I think some things are changing. There are a lot more diversity programmes, not just for women but for LGBT groups and other minority groups.
But, I think that until there’s a bigger culture change… it’s not that women don’t want to go into tech, it’s just they don’t want to go into this tech environment. They don’t want to go somewhere where they’re not wanted.
So where do you go to get tech-related news?
Well, Twitter. But there are also loads of developers on Reddit, though I rarely comment. But I do have a male-sounding handle on Reddit for when I do comment.
Has that actually helped?
Yeah, people take you far more seriously. In fact, a lot of women do the same thing. That’s sadly the way it has to be sometimes!
What’s going up and what’s going down in the software industry?
There’s been a lot of focus on how people are using messaging applications more at the moment and generalized, open social media is a bit more in the decline, which is leading to a lot more of things such as chatbots which are really interesting, and artificial intelligence (or ‘fake’ artificial intelligence) which I personally find really interesting. From finance to health, to learning, I think it’s a great way to make these products and campaigns more helpful and user-friendly, keeping up with how our use of technology is changing.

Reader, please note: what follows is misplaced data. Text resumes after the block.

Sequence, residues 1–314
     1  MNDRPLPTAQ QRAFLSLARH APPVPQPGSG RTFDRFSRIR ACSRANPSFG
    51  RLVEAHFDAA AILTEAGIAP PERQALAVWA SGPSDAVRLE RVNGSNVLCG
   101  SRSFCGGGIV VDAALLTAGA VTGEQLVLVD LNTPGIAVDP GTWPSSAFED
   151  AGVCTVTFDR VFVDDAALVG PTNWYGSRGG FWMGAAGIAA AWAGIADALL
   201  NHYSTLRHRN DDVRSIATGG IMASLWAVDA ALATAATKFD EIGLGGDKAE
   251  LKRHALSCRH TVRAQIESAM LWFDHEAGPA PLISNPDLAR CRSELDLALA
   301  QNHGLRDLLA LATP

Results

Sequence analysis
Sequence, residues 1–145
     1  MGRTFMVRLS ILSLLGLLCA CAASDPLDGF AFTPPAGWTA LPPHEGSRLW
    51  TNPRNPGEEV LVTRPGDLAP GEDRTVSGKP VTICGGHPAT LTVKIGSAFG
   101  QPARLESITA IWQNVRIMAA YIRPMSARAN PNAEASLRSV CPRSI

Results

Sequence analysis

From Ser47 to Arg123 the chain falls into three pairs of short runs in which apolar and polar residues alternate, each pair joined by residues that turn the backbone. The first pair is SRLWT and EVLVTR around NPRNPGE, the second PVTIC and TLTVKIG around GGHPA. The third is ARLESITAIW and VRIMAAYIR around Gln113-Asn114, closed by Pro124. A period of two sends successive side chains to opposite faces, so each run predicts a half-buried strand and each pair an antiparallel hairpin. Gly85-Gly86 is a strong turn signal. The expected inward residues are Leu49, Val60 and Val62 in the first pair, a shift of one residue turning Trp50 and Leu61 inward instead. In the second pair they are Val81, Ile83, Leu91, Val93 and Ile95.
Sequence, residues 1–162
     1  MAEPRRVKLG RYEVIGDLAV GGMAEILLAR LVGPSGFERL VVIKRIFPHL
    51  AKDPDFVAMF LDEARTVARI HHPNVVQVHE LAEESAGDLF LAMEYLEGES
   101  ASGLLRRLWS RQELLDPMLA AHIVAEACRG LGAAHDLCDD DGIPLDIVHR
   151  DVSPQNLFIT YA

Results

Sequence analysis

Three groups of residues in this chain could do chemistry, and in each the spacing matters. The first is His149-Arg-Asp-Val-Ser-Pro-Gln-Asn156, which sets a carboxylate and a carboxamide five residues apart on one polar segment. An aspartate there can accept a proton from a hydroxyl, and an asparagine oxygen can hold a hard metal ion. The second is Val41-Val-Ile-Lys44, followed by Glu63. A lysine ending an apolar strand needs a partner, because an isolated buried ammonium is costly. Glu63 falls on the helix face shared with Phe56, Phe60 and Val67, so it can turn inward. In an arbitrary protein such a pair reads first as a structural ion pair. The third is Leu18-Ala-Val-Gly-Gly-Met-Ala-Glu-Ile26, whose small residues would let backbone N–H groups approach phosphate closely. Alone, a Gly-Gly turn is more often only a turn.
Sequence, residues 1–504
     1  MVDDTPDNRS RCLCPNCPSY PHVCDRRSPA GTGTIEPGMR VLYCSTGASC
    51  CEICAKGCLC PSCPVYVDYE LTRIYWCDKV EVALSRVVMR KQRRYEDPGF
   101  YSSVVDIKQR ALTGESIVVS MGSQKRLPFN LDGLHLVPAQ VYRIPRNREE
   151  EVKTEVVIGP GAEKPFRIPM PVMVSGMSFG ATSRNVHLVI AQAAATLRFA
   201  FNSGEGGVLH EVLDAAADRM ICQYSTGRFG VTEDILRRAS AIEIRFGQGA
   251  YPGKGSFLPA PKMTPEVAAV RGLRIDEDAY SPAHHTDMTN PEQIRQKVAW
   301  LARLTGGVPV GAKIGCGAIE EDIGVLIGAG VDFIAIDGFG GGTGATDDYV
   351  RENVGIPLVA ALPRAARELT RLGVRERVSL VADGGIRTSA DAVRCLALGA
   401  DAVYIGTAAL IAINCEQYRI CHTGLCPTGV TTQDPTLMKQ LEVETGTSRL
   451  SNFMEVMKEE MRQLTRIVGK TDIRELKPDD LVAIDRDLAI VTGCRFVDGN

And there’s VR of course, that’s had a real surge over the last year or so as the kits become more affordable and more widespread, especially as their use in business seems to be increasing.
Personally I think the use of (and requests for) mobile apps has really declined, as people have realized how much can be done with just the web alone, and more things are done using messaging platforms, people are realizing you don’t need an app for every little thing – which is great, because it makes the web a little more open, you aren’t locked away in an app for each activity or company. Similarly, a couple of years ago, everyone wanted a Facebook application – you don’t see those anymore at all!
Are you working on the projects you would like to work on?
I am, I get to work on a real variety of projects which is great. I love the power of the web and what we can do with it now, so I love working on the more cutting-edge projects we get to do sometimes, but even something as simple as building a website up from scratch – from just an idea and a goal to a fully formed website that helps people find what they need or helps get a message out there is wonderful. I love seeing our projects go from a quickly sketched wireframe to a real website.
I would definitely like to work with more artificial intelligence type stuff though – so I’m hoping we get some projects like that in soon!
What superpower would you like to have and who's your favorite superhero?
I don’t know! I guess if I was a superhero I would like to have the ability to consume and understand huge amounts of information at a time…like a computer.
But it’s not a very good superpower.
My favorite superhero is Wonder Woman, of course!
Published at DZone with permission of Sofia Aliferi . See the original article here.